Compulsions often include such behaviors as repeated and extensive hand washing, cleaning, checking
(e.g., that a door is locked), and ordering (e.g., lining up all the pencils in a particular way), and they
also include such mental acts as counting, praying, or reciting something to oneself (Figure 15.11).
Compulsions characteristic of OCD are not performed out of pleasure, nor are they connected in a
realistic way to the source of the distress or feared event. Approximately 2.3% of the U.S. population will
experience OCD in their lifetime (Ruscio, Stein, Chiu, & Kessler, 2010) and, if left untreated, OCD tends
to be a chronic condition creating lifelong interpersonal and psychological problems (Norberg, Calamari,
Cohen, & Riemann, 2008).

Figure 15.11 (a) Repetitive hand washing and (b) checking (e.g., that a door is locked) are common compulsions
among those with obsessive-compulsive disorder. (credit a: modification of work by the USDA; credit b: modification
of work by Bradley Gordon)


An individual with body dysmorphic disorder is preoccupied with a perceived flaw in her physical
appearance that is either nonexistent or barely noticeable to other people (APA, 2013). These perceived
physical defects cause the person to think she is unattractive, ugly, hideous, or deformed. These
preoccupations can focus on any bodily area, but they typically involve the skin, face, or hair. The
preoccupation with imagined physical flaws drives the person to engage in repetitive and ritualistic
behavioral and mental acts, such as constantly looking in the mirror, trying to hide the offending body
part, comparisons with others, and, in some extreme cases, cosmetic surgery (Phillips, 2005). An estimated
2.4% of the adults in the United States meet the criteria for body dysmorphic disorder, with slightly higher
rates in women than in men (APA, 2013).
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Although hoarding was traditionally considered to be a symptom of OCD, considerable evidence suggests
that hoarding represents an entirely different disorder (Mataix-Cols et al., 2010). People with hoarding
disorder cannot bear to part with personal possessions, regardless of how valueless or useless these
possessions are. As a result, these individuals accumulate excessive amounts of usually worthless items
that clutter their living areas (Figure 15.12). Often, the quantity of cluttered items is so excessive that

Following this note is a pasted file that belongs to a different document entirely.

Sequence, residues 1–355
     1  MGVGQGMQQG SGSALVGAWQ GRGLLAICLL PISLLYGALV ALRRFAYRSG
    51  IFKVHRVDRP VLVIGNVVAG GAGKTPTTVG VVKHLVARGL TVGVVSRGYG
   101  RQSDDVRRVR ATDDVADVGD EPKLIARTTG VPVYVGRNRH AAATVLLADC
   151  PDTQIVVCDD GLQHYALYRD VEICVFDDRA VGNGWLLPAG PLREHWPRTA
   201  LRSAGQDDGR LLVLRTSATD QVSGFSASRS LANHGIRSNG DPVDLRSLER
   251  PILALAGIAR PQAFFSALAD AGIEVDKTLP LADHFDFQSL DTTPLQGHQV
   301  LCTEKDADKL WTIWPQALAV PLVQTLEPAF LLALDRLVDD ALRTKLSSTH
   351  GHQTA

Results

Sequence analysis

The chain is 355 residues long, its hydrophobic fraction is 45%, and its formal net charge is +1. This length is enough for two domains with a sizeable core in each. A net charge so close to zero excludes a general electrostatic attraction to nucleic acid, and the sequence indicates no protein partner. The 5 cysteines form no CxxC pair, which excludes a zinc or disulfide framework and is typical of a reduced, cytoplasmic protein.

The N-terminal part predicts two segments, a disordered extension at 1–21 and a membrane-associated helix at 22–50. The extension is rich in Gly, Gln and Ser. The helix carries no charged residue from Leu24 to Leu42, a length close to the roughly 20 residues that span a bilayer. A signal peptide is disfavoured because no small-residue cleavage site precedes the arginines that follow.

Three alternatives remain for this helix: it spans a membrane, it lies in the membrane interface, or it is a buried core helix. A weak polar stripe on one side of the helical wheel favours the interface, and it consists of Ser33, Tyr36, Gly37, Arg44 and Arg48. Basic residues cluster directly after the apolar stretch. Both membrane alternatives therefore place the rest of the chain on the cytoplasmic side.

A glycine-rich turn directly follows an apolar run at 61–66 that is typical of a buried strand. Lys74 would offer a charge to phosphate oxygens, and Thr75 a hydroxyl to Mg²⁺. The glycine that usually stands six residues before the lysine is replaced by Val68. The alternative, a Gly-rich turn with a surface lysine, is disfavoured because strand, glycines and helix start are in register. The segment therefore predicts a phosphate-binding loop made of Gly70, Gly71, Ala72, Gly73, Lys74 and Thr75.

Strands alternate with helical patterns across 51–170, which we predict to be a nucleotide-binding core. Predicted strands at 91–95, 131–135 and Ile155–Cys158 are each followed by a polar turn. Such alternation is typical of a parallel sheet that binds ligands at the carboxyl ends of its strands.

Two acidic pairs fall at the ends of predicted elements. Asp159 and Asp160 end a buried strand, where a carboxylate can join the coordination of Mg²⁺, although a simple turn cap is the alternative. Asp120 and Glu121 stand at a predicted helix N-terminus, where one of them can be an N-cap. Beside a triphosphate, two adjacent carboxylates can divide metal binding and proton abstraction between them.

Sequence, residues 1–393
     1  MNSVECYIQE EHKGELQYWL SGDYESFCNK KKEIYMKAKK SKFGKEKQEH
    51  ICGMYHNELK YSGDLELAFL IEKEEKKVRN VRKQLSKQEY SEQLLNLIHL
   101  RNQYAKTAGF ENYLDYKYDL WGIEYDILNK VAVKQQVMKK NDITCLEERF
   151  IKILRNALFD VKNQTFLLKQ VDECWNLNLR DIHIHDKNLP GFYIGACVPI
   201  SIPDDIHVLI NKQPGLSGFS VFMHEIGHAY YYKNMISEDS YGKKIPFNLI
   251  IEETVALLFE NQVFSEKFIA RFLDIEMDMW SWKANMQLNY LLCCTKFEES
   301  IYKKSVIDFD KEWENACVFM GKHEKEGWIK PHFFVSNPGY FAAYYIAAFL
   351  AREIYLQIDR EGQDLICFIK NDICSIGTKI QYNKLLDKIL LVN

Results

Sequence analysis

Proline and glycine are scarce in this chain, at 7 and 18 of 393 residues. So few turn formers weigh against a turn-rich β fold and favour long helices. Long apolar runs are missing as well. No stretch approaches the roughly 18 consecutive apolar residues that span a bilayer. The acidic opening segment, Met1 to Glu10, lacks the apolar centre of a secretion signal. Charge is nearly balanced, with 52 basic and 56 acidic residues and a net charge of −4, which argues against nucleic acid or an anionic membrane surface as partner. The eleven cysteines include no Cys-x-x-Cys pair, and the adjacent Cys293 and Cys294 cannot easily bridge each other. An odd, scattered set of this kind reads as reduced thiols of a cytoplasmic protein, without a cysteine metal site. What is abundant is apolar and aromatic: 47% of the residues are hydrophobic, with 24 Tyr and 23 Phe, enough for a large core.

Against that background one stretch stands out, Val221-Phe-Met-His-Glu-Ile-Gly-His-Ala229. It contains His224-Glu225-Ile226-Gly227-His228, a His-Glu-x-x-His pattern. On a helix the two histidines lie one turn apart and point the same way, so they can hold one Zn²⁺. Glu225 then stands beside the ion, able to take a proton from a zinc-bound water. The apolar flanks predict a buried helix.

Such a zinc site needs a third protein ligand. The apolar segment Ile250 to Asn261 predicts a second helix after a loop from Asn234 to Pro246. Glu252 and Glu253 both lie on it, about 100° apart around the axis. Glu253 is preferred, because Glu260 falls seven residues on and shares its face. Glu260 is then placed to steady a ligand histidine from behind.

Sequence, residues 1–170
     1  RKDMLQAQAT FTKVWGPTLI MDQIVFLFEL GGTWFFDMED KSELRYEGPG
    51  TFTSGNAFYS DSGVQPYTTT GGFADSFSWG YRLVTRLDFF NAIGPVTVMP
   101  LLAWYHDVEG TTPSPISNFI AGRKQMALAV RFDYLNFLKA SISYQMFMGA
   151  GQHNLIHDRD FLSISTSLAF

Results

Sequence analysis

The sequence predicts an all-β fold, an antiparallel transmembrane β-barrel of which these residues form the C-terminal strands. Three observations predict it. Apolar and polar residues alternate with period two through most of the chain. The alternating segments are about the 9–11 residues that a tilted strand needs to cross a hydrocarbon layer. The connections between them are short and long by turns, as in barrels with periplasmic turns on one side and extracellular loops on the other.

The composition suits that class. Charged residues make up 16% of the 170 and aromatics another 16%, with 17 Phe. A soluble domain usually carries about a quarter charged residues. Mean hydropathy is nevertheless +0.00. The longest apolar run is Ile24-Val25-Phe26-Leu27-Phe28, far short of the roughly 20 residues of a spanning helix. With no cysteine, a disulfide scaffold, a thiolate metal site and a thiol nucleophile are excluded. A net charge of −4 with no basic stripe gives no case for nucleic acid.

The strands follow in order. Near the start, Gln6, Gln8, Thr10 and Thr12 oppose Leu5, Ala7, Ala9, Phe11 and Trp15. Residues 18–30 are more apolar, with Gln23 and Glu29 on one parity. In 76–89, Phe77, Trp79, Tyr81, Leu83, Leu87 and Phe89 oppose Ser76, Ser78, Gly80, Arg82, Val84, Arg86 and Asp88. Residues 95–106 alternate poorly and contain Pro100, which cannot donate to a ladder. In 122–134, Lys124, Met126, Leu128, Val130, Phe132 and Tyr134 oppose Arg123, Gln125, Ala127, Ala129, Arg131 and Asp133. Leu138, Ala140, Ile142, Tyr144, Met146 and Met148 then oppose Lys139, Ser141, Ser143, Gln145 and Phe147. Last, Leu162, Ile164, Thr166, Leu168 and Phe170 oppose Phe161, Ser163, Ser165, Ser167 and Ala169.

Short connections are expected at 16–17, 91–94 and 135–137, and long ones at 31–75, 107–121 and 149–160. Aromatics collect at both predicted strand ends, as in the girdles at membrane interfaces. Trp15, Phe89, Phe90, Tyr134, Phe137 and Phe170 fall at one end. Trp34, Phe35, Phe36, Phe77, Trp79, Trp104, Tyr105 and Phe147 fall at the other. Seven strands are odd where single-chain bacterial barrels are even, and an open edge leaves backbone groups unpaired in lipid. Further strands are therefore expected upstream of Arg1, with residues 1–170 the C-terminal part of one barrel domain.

the person is unable use his kitchen, or sleep in his bed. People who suffer from this disorder have great
difficulty parting with items because they believe the items might be of some later use, or because they
form a sentimental attachment to the items (APA, 2013). Importantly, a diagnosis of hoarding disorder is
made only if the hoarding is not caused by another medical condition and if the hoarding is not a symptom
of another disorder (e.g., schizophrenia) (APA, 2013).

Figure 15.12 Those who suffer from hoarding disorder have great difficulty in discarding possessions, usually
resulting in an accumulation of items that clutter living or work areas. (credit: puuikibeach/Flickr)

The results of family and twin studies suggest that OCD has a moderate genetic component. The disorder
is five times more frequent in the first-degree relatives of people with OCD than in people without the
disorder (Nestadt et al., 2000). Additionally, the concordance rate of OCD among identical twins is around
57%; however, the concordance rate for fraternal twins is 22% (Bolton, Rijsdijk, OConnor, Perrin, & Eley,
2007). Studies have implicated about two dozen potential genes that may be involved in OCD; these genes
regulate the function of three neurotransmitters: serotonin, dopamine, and glutamate (Pauls, 2010). Many
of these studies included small sample sizes and have yet to be replicated. Thus, additional research needs
to be done in this area.
A brain region that is believed to play a critical role in OCD is the orbitofrontal cortex (Kopell &
Greenberg, 2008), an area of the frontal lobe involved in learning and decision-making (Rushworth,
Noonan, Boorman, Walton, & Behrens, 2011) (Figure 15.13). In people with OCD, the orbitofrontal cortex
becomes especially hyperactive when they are provoked with tasks in which, for example, they are asked
to look at a photo of a toilet or of pictures hanging crookedly on a wall (Simon, Kaufmann, Msch,
Kischkel, & Kathmann, 2010). The orbitofrontal cortex is part of a series of brain regions that, collectively,